Verizon’s attempt — unsuccessful so far — to secure a patent for a so-called ‘snooping technology,’ which in this case would let television advertisers target individual viewers based on what they’re doing or saying in front of their sets, capped another challenging year for privacy advocates.
Verizon’s snooping technology and TV ads
The Verizon technology, which includes a sensor/camera housed in a set-top box, would determine the activities of individual viewers — eating, playing, cuddling, laughing, singing, fighting or gesturing — and then trigger personal advertisements based on the activities.
[…] The U.S. drone law: Eye in the sky
The Federal Aviation Administration Modernization and Reform Act of 2012, signed into law by President Barack Obama in February, was immediately slammed by rights groups, privacy advocates and lawmakers who contended that the law poses a major threat to the privacy of law-abiding citizens.
[…] Warrantless cellphone location tracking: What Fourth Amendment?
Despite a major U.S. Supreme Court ruling in January on the constitutionality of GPS tracking by law enforcement agencies, the overall issue of location tracking of individuals remained as murky as ever in 2012.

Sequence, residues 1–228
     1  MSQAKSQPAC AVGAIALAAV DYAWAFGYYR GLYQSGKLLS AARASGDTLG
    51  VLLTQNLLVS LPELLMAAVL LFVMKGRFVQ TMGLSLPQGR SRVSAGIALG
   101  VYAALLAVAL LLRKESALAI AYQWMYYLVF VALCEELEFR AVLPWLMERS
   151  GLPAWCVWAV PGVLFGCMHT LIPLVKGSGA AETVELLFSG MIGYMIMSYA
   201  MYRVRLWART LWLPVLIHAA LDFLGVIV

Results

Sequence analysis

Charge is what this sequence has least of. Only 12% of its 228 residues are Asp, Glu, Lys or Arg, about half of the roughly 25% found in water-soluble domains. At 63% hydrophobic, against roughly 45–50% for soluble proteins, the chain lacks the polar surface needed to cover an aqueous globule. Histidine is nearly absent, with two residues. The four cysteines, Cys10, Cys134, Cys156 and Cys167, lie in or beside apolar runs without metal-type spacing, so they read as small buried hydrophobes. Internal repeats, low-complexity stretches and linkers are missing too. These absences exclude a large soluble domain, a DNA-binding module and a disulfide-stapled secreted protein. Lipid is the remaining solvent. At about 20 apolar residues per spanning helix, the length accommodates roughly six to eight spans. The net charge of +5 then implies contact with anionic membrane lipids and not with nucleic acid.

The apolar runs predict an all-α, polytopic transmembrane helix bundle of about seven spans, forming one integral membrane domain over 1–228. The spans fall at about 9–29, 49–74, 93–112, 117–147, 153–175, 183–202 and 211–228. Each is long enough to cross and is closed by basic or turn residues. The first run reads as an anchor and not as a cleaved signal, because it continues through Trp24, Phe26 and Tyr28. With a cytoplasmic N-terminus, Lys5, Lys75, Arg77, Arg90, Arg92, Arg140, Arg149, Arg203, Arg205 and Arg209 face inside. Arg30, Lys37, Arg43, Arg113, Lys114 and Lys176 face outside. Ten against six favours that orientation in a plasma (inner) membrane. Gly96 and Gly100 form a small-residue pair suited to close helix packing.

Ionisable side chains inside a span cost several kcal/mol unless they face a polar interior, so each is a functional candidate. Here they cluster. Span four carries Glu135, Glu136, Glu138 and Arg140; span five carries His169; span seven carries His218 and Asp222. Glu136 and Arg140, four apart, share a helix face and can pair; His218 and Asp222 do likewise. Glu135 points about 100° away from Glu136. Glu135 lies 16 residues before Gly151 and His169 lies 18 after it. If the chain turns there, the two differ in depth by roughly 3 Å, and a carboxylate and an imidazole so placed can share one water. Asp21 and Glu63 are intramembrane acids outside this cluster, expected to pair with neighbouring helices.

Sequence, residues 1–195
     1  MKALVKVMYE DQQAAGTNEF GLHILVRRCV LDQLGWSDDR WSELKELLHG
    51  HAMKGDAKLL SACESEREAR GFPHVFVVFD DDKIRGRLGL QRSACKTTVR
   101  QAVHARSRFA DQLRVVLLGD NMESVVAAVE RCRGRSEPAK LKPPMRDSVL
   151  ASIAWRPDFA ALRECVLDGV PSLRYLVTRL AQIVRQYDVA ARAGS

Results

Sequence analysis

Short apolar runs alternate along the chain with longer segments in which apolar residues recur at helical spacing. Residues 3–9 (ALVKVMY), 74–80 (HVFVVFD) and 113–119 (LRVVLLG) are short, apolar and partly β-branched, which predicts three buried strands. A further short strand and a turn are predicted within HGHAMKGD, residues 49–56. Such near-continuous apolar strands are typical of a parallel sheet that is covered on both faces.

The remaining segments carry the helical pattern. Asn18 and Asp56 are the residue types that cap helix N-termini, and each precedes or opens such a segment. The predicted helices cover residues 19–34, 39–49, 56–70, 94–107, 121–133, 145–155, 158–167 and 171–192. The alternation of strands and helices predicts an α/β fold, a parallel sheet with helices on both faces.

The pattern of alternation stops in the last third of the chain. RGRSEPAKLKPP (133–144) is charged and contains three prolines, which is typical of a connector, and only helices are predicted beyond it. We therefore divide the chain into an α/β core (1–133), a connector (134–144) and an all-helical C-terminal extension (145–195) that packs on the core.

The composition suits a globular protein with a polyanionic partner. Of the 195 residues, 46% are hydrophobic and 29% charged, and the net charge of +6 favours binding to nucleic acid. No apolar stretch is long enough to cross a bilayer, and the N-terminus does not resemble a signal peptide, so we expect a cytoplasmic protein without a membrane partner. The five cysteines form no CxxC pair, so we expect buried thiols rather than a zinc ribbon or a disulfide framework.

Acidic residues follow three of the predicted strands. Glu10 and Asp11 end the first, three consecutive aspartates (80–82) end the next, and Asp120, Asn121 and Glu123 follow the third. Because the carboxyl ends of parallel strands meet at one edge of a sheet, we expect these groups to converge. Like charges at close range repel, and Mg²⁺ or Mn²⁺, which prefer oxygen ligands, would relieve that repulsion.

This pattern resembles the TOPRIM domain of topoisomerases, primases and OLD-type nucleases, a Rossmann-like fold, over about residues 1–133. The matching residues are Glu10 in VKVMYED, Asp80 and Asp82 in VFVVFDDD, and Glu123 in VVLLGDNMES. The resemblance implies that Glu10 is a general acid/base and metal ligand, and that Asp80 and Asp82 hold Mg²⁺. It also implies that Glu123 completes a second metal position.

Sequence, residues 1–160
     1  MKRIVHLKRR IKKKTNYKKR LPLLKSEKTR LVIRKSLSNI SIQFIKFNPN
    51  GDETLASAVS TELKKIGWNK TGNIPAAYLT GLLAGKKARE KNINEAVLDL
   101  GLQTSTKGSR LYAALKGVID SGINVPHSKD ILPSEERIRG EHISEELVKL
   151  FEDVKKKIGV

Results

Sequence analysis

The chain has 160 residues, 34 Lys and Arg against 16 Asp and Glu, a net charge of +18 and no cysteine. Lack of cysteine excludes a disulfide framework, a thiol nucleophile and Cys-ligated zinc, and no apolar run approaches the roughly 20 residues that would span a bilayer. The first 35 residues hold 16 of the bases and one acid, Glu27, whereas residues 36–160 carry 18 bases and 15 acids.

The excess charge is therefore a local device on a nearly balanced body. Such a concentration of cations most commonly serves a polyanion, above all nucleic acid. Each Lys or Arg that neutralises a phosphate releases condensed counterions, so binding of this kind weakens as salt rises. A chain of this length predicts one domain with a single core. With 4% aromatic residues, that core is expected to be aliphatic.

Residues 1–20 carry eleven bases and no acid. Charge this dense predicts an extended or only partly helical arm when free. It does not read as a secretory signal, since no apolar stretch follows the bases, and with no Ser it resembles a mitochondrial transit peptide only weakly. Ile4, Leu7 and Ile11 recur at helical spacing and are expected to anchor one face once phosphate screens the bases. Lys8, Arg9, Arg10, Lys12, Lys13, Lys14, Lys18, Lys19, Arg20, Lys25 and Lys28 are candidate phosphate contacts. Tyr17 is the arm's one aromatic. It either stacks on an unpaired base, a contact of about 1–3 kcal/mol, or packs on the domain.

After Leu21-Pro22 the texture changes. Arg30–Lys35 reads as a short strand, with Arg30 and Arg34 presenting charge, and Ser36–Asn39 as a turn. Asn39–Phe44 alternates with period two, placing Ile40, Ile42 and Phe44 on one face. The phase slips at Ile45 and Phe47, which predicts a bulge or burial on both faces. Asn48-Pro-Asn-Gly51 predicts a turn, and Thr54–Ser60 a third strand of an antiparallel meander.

[…] Internet and mobile privacy: Or the continuing lack thereof
For several years, consumer rights groups and others have been calling on Congress to create regulations governing how Internet companies, online advertisers, mobile service providers and mobile application providers can collect and use consumer data.
[…] NYC Domain Awareness System: Surveillance city?
A New York City-wide Domain Awareness System (DAS) rolled out by the New York Police Department (NYPD) in July has left groups like the American Civil Liberties Union uneasy about its privacy implications.
The city’s data aggregation and real-time analytics tool, built in collaboration with Microsoft, is designed to combat crime and terror threats in the city.